Prospect Restaurant Review
A nice, big, high-energy place in the Financial District that delivers surprisingly creative food, Prospect Restaurant is a great place to go for a business dinner, or to discuss a deal. It’s not too romantic, so this isn’t a place on a date, unless your date is Larry Ellison, in which case you have bigger issues to worry about anyway.
That being said, I would also say that Prospect does some very slight overreaching on its food. My impression was that they were fighting just slightly above their weight class. However, the service was flawless and friendly, and overall, Prospect was a lot of fun, and a damn good dinner.
Monday- Friday-11:30 AM- 14:00 PM
Monday- Tuesday- 17:30 PM– 21:30 PM
Wednesday- Saturday- 17:30 PM- 22:00 PM
Monday- Friday- 16:00 PM- 18:00 PM
Saturday- 17:00 PM- 19:00 PM
Downtown San Francisco, in a very heavily-trafficked part of the city. Parking is going to be a real challenge, so either find a nearby garage or take BART to the Embarcadero station, and walk for 5-10 minutes to get there.
Address: 300 Spear Street St, San Francisco, CA 94105
Phone: (415) 247-7770
Big, contemporary, interesting. The Prospect restaurant occupies most of the ground floor of a skyscraper in downtown San Francisco, so there’s lots of room and the tables aren’t jammed together, which is something I despise. You can sit either in chairs or banquettes, plus a big bar at the front of the house, should you be so inspired. Décor is sort of postmodern restaurant – lots of faux Sixties touches, earth tones, hand-created wrought-iron chandeliers, and so on. There are lots of business people in Prospect doing, of course, deal. They’re fun to listen in on.
Great. Very professional, expert and fast. Everyone knew their jobs, and did the flawlessly.
Expensive. A very simple dinner – a beer, a salad and an entrée came to $68, with no dessert. Dinner for two here would easily be $150.
The appetizer was a beet salad, which can turn out to be anything and is always a bit of an adventure to order. In this case, it was a composed salad of whole beets, and is described on the menu as Taylor gold pear jam, toasted pistachio, burrata, arugula and beet vinaigrette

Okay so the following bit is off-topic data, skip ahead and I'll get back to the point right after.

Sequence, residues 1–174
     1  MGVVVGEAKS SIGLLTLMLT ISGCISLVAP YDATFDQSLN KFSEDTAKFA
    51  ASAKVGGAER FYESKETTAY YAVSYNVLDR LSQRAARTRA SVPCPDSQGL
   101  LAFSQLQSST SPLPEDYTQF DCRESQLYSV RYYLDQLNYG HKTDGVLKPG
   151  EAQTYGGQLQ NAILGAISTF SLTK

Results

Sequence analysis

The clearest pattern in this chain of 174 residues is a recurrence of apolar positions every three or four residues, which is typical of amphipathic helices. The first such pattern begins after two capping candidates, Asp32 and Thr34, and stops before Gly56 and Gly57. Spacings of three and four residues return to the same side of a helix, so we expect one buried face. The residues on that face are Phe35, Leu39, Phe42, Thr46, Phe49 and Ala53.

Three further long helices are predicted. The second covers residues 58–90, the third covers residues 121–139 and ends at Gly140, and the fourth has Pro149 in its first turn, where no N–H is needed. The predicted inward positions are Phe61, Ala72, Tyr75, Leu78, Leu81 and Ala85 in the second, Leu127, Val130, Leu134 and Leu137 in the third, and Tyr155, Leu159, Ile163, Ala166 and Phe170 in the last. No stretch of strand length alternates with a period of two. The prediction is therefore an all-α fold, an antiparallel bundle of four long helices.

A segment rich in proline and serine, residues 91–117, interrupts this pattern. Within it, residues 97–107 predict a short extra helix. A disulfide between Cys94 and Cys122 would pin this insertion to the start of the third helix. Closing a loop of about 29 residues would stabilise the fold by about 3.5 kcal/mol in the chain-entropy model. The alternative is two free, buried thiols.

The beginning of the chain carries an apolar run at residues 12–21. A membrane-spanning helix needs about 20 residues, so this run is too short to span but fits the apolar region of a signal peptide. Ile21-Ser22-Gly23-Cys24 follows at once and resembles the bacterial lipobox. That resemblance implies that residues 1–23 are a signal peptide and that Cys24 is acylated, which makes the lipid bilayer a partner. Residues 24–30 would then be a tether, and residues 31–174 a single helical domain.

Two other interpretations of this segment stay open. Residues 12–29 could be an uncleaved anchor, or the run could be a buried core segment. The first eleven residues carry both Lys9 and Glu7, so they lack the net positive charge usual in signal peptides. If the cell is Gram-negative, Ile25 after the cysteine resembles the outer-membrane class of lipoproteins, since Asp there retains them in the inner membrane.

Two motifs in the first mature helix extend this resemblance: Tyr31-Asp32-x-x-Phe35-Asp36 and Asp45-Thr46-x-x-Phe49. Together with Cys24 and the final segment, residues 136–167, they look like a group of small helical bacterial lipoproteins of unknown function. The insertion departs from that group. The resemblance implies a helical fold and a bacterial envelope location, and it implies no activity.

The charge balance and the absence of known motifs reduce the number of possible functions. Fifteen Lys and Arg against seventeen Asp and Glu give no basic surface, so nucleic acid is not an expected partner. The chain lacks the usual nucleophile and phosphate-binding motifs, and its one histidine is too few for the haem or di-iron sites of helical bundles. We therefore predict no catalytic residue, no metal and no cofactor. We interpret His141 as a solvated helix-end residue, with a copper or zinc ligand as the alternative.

The result was terrific. Small, incredibly sweet beets, with several ingredients as a counterpoint. It was delicious, and interestingly, it was also fascinating to look at. Most resturants put together salads using the same visual tricks over and over and over – sort of the salad-as-sculpture approach. Prospect’s salad actually used the sauce as a kind of paint, and created a really nice, abstract image on the plate that was beautiful and genuinely original.
For an entrée, I went for the black bass and Maine lobster, described on the menu as Rose Finn potatoes, smoked bacon, Brussels sprouts, and lobster Béarnaise. This was good, but in the end, it didn’t quite work.
Let’s back up. I grew up in upstate New York. Every week a truck would arrive at the local market, having made the run from Owls’ Head, Maine, with, at the very least, a load of fresh (meaning live) lobsters which, eighteen hours previously, had been swimming around in the Atlantic. Short of standing on the dock, waiting for the boat, these are about as fresh as lobster gets, and we ate a huge amount of it. I know a lot about lobster.
Fresh lobster, properly cooked, is incredibly rich, nutty and sweet. It’s not a subtle flavor, like scallops or, for that matter, black bass. It is strong, and amazing. What appeared on my plate looked great, and was beautifully put together, but lacked some of that flavor. It was just a little pallid, just a little watery, which makes me suspect it was frozen, which is not cool in a $38 dish.
Also, the Bernaise sauce sort of overpowered this dish, particularly when paired with bacon. What you got was a very salty, very rich sauce, being used with lobster and very delicate black bass. It did not, in my view, complement the two main ingredients, but instead, sort of buried them. Again, nothing was actually bad – it was very good – but for something like this, I would have gone with better/fresher lobster, and a lighter sauce. The sauce worked well with the Brussels sprouts and the potatoes, but didn’t play nicely with the main ingredients.
Prospect Restaurant is run, interestingly, by an all-woman team of chefs, and is Boulevard’s more contemporary cousin – same company, lots of back-and-forth between the staffs. They source their stuff from farms all over the Bay Area, and into California. This is an excellent restaurant, perfect for a business dinner or an evening out.
Website : http://prospectsf.com/
Phone : +1 415-247-7770
Nearby Tourist Attraction– Ferry Building
Published On: Wednesday, March 8th, 2017